The coming storm | Business Standard Editorials

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Russia-Ukraine fallout for India may be severe

The Russian Federation’s invasion of neighbouring Ukraine has spooked markets, investors, and economic policymakers worldwide, but India might be among the economies most exposed to any sustained turbulence. The rupee has already sunk to a new record low, and is close to about Rs 77 to the dollar. It declined by as much as 1.1 per cent on Monday alone. The rupee is now Asia’s worst-performing currency in 2022, in spite of apparent attempts to manage the fall by the Reserve Bank of India (RBI). Stock markets have also been jittery, with the Sensex falling 2.7 per cent to its lowest closing since the middle of last year. Given that crude oil has touched $130 a barrel, and there are fears that it may spike up to beyond $150 and even perhaps $200 within a few weeks, depending upon the progress of the war, the fears expressed through these numbers about the weaknesses in the Indian economy are quite understandable.

An increase in commodity prices leads to a familiar set of pressures on an economy that imports 85 per cent of its oil requirements. The Union Budget calculations, predicated this year on oil being at below $75 a barrel, are no longer reliable. Real growth will be lower than predicted based on the supply shock, and so the targeted fiscal deficit as a percentage of gross domestic product will become difficult to manage even if nothing changes in terms of government expenditure. But, on top of that, the government might seek to absorb some of the extra cost of fuel in particular, which will adversely impact its tax revenues; and meanwhile, the state of the markets means that its receipts will be under pressure as, for example, the disinvestment of the Life Insurance Corporation gets postponed. A precarious fiscal situation on exiting the pandemic will suddenly become much worse.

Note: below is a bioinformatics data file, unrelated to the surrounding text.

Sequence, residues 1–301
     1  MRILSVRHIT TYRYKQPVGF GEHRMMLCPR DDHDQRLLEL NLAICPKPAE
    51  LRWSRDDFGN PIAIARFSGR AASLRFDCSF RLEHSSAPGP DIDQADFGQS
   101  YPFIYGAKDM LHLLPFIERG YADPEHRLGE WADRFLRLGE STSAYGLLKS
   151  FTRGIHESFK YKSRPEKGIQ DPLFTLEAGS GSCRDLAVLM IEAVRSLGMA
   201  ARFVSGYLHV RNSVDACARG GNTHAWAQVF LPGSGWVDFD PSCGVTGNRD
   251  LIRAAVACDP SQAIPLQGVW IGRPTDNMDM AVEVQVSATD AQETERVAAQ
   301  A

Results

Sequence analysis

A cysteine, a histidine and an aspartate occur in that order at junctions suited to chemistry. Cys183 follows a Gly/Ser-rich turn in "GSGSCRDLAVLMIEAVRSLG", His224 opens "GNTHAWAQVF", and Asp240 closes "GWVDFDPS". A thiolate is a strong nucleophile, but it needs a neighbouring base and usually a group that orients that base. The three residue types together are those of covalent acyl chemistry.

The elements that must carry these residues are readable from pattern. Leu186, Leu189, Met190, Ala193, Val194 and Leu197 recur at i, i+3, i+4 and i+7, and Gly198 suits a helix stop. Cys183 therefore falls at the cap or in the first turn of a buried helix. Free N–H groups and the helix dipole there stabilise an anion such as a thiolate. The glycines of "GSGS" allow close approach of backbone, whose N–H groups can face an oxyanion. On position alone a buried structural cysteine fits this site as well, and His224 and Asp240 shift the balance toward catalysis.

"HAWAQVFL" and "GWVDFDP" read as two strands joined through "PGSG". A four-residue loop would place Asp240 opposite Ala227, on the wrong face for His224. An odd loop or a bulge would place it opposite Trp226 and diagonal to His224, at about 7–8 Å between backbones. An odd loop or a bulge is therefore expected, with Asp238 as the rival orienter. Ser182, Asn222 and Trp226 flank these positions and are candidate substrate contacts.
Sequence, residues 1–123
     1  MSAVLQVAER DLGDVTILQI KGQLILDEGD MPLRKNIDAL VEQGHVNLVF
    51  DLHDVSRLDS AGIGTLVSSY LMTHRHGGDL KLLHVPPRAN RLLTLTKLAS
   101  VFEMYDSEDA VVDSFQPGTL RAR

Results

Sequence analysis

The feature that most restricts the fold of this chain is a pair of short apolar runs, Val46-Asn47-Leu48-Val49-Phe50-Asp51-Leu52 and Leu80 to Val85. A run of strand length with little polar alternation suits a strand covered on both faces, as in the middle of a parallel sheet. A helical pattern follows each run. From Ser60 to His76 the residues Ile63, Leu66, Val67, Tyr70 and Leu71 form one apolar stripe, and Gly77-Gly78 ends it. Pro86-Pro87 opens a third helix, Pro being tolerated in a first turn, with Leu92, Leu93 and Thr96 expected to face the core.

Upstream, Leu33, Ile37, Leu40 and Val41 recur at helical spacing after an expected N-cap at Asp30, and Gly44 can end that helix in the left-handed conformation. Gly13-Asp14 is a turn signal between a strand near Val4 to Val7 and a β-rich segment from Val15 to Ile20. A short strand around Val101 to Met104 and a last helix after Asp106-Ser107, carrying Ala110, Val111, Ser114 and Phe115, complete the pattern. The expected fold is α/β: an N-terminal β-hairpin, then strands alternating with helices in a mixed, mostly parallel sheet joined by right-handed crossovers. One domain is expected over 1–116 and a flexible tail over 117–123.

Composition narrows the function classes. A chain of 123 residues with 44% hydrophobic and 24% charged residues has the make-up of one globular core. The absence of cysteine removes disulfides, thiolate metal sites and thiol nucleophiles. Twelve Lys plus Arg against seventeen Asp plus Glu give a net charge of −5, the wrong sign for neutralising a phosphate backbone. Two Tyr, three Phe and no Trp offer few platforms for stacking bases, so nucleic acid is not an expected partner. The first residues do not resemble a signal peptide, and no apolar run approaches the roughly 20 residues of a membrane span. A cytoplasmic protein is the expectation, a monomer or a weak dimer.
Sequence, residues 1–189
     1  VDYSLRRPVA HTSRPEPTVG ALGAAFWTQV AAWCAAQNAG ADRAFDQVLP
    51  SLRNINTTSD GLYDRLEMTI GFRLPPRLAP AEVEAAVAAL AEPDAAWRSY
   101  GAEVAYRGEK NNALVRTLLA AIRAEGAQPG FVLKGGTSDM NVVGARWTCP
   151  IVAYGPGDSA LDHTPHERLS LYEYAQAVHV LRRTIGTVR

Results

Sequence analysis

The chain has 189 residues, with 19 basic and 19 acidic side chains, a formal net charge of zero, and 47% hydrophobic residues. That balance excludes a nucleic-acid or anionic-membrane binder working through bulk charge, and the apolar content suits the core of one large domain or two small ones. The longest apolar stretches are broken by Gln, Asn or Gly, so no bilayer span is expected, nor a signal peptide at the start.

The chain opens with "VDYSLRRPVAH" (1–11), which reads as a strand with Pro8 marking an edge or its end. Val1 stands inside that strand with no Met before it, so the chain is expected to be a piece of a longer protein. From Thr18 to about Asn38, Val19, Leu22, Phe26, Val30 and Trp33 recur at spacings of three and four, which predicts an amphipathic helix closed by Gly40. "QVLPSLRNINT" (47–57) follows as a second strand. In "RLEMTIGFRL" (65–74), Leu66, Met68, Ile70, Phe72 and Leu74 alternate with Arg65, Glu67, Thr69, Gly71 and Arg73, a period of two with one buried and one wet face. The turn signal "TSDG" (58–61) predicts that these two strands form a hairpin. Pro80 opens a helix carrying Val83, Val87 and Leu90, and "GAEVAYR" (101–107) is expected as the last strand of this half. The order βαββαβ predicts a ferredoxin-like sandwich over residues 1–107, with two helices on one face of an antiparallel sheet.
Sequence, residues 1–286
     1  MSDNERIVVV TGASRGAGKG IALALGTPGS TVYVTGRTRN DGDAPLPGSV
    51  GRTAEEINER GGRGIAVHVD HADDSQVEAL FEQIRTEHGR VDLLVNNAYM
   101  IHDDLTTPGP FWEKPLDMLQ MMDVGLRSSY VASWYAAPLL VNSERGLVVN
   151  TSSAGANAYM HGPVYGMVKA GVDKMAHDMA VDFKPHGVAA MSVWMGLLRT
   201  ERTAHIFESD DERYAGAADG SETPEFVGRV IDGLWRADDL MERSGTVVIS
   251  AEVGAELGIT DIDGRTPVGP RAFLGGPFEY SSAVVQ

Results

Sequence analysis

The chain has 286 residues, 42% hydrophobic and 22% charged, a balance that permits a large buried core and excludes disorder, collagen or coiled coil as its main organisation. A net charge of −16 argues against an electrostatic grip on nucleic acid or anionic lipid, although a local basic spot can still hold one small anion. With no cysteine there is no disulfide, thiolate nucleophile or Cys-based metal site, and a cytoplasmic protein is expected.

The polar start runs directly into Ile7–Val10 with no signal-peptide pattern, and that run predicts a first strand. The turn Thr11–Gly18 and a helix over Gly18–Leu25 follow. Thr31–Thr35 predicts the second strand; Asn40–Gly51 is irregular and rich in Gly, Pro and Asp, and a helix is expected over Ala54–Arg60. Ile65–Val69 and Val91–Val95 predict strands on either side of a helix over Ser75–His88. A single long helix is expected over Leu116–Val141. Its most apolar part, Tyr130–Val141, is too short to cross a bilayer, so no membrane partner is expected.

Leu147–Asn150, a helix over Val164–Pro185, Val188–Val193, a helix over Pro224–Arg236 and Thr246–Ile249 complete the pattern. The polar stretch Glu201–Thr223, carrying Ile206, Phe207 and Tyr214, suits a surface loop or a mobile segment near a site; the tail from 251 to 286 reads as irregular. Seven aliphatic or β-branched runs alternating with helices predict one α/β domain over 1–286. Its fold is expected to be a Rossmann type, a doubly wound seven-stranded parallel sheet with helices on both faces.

Meanwhile, the RBI will be faced with a currency under significant pressure. Pressures from New Delhi to support growth and also manage the sale of a large amount of government paper will become overwhelming. Yields on 10-year government bonds spiked 7 basis points on Monday to close at 6.89 per cent. There is still room for yields to rise, and higher rates will make the debt management job tougher. Meanwhile, inflation will be driven higher not just by crude oil prices but also those of edible oils — and it is already out of the RBI’s comfort zone. Sunflower oil has risen in price and is likely to rise further, given that Ukraine and Russia produce four-fifths of the traded sunflower oil in the world. There will be very little the central bank can do in the face of such a supply shock to avoid the double whammy of stalling growth and high inflation. The evolving situation will make policy choices more difficult for the RBI. The government, however, must be prepared to deal with the sort of headwinds that last hit India in the 2012-13 period, when high commodity prices and weak growth combined to hit the currency, inflation, growth, and the external account simultaneously. The focus must be on steady policy to ride out the storm.

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